A national charity has drawn attention to the widespread bullying children face because of their religious beliefs.

80% of the 11 to 16 year old surveyed by Beatbullying said that they believed in a God and 40% said they practice their religion.

According to the Office of National Statistics only 18% of adults report practicing a religion.

Among the figures from Beatbullying, a leading bullying prevention charity: 23% report being bullied because of their faith; 9% have been bullied because of the religious symbols they wear and 13% believe they were bullied because of religious stereotyping.

Kids reported being racially abused, physically attacked, spat at, isolated, mugged, stolen from, beaten with makeshift weapons and stabbed because of their faith.

Some find themselves depressed, truanting, have trouble eating, their confidence plummets, some even have suicidal thoughts.

Others question their faith, stop talking about their beliefs, or even feel ashamed of their faith or their families for having a faith.

Nearly 20% said their friendships are largely of the same religious or faith background and 5.6% said their family doesn’t like it when they mix with people of other faiths.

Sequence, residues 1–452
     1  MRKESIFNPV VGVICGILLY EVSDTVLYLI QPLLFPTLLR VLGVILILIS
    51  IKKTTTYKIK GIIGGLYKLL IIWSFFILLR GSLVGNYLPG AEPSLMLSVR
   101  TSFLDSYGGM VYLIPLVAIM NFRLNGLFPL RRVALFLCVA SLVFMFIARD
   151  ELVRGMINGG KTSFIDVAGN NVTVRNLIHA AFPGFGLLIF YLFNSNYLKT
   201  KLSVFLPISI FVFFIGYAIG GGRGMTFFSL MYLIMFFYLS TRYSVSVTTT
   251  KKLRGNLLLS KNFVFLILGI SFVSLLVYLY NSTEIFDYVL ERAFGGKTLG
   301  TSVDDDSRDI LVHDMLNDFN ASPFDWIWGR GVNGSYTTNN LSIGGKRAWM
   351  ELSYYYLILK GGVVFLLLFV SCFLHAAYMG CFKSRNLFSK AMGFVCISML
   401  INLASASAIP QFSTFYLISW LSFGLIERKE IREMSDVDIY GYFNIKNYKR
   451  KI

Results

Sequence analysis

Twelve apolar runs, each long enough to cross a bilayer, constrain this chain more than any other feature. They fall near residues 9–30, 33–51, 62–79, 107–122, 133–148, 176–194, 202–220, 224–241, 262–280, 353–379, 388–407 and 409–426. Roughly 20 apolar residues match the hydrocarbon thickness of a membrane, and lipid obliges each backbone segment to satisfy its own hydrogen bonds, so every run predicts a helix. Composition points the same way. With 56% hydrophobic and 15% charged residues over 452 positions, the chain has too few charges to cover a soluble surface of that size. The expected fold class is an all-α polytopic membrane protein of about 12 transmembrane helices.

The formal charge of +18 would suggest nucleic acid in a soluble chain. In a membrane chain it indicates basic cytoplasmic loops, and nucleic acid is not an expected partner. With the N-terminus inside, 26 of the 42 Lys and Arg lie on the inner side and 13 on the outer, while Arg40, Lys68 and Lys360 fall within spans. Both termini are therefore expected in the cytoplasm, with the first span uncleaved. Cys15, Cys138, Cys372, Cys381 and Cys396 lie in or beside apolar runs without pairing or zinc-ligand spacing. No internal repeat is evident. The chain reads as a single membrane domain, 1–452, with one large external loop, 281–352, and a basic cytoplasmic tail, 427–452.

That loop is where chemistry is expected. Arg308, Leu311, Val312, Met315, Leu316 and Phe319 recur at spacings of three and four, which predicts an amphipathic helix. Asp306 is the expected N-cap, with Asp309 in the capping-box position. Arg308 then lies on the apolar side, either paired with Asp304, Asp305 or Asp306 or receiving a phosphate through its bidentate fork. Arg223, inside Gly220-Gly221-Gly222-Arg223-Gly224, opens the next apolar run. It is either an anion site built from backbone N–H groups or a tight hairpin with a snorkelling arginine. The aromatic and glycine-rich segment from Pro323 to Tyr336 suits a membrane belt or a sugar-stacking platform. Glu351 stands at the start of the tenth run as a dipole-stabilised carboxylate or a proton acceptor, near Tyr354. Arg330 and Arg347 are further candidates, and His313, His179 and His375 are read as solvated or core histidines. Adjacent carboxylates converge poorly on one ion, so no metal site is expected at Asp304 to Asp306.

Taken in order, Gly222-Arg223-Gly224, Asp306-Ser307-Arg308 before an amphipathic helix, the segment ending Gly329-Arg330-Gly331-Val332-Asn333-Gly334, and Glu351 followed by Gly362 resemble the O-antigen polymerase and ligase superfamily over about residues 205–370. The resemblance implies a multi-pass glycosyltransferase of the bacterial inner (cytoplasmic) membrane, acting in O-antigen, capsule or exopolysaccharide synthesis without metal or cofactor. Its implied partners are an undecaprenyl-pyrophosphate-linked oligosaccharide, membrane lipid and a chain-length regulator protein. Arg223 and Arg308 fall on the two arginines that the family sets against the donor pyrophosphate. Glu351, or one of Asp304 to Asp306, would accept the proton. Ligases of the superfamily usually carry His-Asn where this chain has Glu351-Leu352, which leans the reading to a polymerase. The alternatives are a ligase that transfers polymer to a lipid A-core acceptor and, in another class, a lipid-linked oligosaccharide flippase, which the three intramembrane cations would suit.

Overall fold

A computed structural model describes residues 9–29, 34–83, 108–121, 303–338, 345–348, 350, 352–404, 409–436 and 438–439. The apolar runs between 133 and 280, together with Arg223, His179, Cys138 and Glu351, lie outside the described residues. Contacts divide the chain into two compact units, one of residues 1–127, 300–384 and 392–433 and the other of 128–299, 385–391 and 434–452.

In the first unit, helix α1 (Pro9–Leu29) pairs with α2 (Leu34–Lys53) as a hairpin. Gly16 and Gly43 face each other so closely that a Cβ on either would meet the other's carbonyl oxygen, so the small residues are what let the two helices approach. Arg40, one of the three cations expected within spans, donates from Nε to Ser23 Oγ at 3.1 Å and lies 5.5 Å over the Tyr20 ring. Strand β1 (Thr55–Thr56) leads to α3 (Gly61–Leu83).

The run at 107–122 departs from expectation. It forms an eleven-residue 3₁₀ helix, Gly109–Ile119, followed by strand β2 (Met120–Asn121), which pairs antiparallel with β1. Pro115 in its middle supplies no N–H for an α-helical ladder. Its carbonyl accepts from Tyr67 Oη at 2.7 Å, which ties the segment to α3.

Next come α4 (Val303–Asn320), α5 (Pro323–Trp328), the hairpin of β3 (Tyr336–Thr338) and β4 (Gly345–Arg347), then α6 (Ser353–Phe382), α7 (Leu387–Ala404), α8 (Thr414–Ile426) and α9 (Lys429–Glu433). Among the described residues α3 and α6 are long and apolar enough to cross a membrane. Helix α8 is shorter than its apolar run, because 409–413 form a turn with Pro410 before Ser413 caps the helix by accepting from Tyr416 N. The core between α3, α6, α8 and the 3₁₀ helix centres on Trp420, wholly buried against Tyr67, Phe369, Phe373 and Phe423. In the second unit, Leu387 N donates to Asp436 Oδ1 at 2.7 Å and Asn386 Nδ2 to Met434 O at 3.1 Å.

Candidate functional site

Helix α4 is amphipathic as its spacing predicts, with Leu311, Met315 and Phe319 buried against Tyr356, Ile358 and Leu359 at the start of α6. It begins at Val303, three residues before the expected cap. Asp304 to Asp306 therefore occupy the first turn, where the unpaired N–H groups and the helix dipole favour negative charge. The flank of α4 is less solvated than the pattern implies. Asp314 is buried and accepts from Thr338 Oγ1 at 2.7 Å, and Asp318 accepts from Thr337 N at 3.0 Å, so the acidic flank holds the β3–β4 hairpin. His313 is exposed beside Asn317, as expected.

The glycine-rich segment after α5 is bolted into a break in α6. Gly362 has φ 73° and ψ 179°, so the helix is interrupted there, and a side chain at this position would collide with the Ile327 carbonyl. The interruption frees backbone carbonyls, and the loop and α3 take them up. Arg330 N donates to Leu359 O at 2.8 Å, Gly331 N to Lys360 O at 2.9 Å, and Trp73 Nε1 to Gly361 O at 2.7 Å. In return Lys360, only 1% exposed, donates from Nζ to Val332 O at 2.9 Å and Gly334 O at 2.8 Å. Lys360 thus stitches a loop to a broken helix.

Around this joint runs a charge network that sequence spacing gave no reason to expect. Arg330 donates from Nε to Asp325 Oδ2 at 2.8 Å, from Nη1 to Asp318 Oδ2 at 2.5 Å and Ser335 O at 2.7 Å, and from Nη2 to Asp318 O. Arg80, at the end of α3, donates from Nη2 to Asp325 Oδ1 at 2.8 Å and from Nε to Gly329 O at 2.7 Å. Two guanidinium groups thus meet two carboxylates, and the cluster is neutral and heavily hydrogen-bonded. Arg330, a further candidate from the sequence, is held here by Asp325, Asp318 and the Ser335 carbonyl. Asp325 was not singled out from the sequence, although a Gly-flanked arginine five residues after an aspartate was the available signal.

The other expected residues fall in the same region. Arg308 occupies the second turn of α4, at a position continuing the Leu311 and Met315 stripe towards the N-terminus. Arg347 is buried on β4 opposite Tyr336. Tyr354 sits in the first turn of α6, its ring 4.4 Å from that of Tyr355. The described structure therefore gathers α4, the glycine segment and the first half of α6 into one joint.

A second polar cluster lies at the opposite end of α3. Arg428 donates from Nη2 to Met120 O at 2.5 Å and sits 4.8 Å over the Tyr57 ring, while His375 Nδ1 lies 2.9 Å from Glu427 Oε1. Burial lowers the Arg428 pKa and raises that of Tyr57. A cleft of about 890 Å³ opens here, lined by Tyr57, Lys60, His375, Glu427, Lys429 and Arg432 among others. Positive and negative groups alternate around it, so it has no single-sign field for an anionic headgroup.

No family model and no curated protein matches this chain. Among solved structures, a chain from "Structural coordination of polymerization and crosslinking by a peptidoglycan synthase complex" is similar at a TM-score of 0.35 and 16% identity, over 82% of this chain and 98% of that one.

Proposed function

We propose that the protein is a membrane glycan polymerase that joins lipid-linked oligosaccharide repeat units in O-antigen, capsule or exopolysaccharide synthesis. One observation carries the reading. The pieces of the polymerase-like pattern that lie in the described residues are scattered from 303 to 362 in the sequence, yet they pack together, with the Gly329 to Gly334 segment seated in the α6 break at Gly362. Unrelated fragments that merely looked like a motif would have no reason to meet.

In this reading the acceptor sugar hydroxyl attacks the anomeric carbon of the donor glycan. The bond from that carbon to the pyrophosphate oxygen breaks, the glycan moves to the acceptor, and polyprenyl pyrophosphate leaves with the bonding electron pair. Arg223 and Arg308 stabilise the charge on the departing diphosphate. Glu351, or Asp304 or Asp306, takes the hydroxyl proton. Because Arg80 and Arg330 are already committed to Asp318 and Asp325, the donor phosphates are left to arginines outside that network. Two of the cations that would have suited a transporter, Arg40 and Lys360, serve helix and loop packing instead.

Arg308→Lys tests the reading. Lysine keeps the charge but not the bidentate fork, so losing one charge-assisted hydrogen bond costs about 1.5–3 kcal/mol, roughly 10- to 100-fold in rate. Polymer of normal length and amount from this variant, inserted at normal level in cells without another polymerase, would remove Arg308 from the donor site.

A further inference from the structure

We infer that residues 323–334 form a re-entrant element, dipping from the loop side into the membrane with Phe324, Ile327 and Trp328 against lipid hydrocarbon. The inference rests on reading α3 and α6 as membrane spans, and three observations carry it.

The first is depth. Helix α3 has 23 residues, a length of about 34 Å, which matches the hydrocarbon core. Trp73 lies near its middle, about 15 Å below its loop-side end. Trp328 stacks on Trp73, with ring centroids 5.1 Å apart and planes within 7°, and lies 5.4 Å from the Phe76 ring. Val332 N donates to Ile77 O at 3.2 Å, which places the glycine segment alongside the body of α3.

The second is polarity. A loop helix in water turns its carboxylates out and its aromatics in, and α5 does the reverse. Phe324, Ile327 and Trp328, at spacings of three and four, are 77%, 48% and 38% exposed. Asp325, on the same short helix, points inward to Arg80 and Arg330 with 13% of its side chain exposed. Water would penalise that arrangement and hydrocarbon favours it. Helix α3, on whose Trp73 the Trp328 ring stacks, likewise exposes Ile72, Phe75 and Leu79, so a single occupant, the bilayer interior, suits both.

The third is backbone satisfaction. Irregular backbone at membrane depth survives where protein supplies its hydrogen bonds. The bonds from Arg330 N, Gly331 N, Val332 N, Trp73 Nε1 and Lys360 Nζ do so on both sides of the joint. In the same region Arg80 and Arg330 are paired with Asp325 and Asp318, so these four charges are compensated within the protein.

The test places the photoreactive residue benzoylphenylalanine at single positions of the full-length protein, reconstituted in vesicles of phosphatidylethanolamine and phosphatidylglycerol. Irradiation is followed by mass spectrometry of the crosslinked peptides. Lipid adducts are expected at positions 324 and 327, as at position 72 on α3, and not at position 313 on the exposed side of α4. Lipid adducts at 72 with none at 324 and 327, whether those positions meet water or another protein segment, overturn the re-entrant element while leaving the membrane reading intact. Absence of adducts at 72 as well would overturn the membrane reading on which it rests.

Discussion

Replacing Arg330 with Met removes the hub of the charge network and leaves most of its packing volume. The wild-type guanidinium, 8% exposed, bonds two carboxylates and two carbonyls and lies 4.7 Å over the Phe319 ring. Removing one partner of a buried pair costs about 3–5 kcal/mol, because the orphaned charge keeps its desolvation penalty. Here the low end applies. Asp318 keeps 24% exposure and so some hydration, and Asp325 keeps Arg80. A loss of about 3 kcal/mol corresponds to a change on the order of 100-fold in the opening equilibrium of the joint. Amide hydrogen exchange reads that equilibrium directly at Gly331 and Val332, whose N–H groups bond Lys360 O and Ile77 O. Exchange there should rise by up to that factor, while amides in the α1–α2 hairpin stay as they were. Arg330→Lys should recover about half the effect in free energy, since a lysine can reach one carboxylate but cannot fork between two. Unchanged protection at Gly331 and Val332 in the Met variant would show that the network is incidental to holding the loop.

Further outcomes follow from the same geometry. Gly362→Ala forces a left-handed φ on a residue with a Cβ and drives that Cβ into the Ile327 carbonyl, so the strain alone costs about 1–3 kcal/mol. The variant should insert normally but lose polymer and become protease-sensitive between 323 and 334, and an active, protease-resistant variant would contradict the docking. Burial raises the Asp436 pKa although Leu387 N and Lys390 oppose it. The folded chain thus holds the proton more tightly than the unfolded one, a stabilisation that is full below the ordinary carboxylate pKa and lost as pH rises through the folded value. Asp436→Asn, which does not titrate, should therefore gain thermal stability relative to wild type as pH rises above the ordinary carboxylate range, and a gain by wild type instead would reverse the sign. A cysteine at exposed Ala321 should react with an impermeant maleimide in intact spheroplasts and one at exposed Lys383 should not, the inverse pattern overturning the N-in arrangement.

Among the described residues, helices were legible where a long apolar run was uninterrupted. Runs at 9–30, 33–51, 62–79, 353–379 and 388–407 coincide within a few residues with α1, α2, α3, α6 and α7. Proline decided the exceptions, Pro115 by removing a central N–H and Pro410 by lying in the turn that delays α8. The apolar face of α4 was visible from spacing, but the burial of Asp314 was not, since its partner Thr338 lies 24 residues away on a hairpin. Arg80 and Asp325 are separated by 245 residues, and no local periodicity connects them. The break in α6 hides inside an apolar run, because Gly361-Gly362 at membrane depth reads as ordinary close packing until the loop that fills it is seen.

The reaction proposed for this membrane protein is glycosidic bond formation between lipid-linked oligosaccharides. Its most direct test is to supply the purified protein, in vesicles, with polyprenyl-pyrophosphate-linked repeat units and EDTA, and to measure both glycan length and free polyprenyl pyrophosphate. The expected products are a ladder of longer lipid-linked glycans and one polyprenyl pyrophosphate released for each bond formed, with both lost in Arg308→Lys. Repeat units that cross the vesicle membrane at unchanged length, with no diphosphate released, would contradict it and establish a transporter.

Beatbullying said there is little or no support, few outlets and limited provision provided for young people to talk about their faith.

Almost half of young people do not talk about religious or faith issues at all.

The report was baed on interviews with 60 young people age 11 to 16, and was compiled from interim results from Beatbullying’s Interfaith programme, funded by the Department of Children Schools and Families (DCSF) and City Bridge.

Emma-Jane Cross, Chief Executive of Beatbullying, said:

“The findings from our survey clearly indicate the lack of support and direction our young people have to openly discuss and understand faith based issues with their peers. Beatbullying worries that this lack of cohesion is cultivating at best a lack of understanding and at worst a lack of tolerance of other faiths.

“The government must encourage and resource faith community organisations who are working with local, regional and central government to promote social cohesion, tolerance and commonality.

“The government must also undertake a comprehensive piece of research to map the extent and depth of faith based bullying between our young people, and publish explicit guidelines sitting outside what has been written on race.

“These must then be disseminated to all schools in England and Wales if we are to see a significant change in behaviour amongst our young people.”

In January the Secretary of State for Children, Schools and Families, Ed Balls, launched the first ever national guidance from the government to help schools tackle homophobic bullying.